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CRS Annotated Constitution

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Government as Regulator of the Electoral Process: Lobbying.— Inasmuch as legislators may be greatly dependent upon representations made to them and information supplied to them by interested parties, legislators may desire to know what the real interests of those parties are, what groups or persons they represent, and other such information. But everyone is constitutionally entitled to write his congressman or his state legislator, to encourage others to write or otherwise contact legislators, and to make speeches and publish articles designed to influence legislators. Conflict is inherent. In the Federal Regulation of Lobbying Act,171 Congress by broadly phrased and ambiguous language seemed to require detailed reporting and registration by all persons who solicited, received, or expended funds for purposes of lobbying, that is to influence congressional action directly or indirectly. In United States v. Harriss,172 the Court, stating that it was construing the Act to avoid constitutional doubts,173 interpreted covered lobbying as meaning only direct attempts to influence legislation through direct communication with members of Congress.174 So construed, the Act was constitutional; Congress had “merely provided for a modicum of information from those who for hire attempt to influence legislation or who collect or spend funds for that purpose,” and this was simply a measure of “self–protection.”175

Other statutes and governmental programs affect lobbying and lobbying activities. It is not impermissible for the Federal Government to deny a business expense tax deduction for money spent to defeat legislation which would adversely affect one’s business.176 But the antitrust laws may not be applied to a concert of business enterprises that have joined to lobby the legislative branch to pass and the executive branch to enforce laws which would have a det[p.1102]rimental effect upon competitors, even if the lobbying was conducted unethically.177 On the other hand, allegations that competitors combined to harass and deter others from having free and unlimited access to agencies and courts by resisting before those bodies all petitions of competitors for purposes of injury to competition are sufficient to implicate antitrust principles.178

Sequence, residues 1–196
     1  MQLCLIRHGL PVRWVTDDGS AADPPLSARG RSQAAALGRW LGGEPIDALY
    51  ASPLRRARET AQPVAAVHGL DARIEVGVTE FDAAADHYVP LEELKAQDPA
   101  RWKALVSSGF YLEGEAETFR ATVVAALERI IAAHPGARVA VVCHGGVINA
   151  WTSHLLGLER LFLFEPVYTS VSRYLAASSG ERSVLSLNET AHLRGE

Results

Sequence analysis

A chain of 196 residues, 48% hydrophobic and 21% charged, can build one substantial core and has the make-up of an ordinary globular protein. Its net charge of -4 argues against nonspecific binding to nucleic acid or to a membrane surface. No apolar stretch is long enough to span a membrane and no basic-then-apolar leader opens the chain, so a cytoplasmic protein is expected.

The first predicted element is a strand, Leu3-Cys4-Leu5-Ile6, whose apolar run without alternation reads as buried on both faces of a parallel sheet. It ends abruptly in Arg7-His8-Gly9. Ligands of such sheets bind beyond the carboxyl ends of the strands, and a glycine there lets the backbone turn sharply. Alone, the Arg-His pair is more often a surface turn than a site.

Government as Regulator of Labor Relations.—Numerous problems may arise in this area,179 but the issue here considered is the balance to be drawn between the free speech rights of an employer and the statutory rights of his employees to engage or not engage in concerted activities free of employer coercion, which may well include threats or promises or other oral or written communications. The Court has upheld prohibitions against employer interference with union activity through speech so long as the speech is coercive,180 and that holding has been reduced to statutory form.181 Nonetheless, there is a First Amendment tension in this area, with its myriad variations of speech forms that may be denominated “predictions,” especially since determination whether particular utterances have an impermissible impact on workers is vested with an agency with no particular expertise in the protection of freedom of expression.182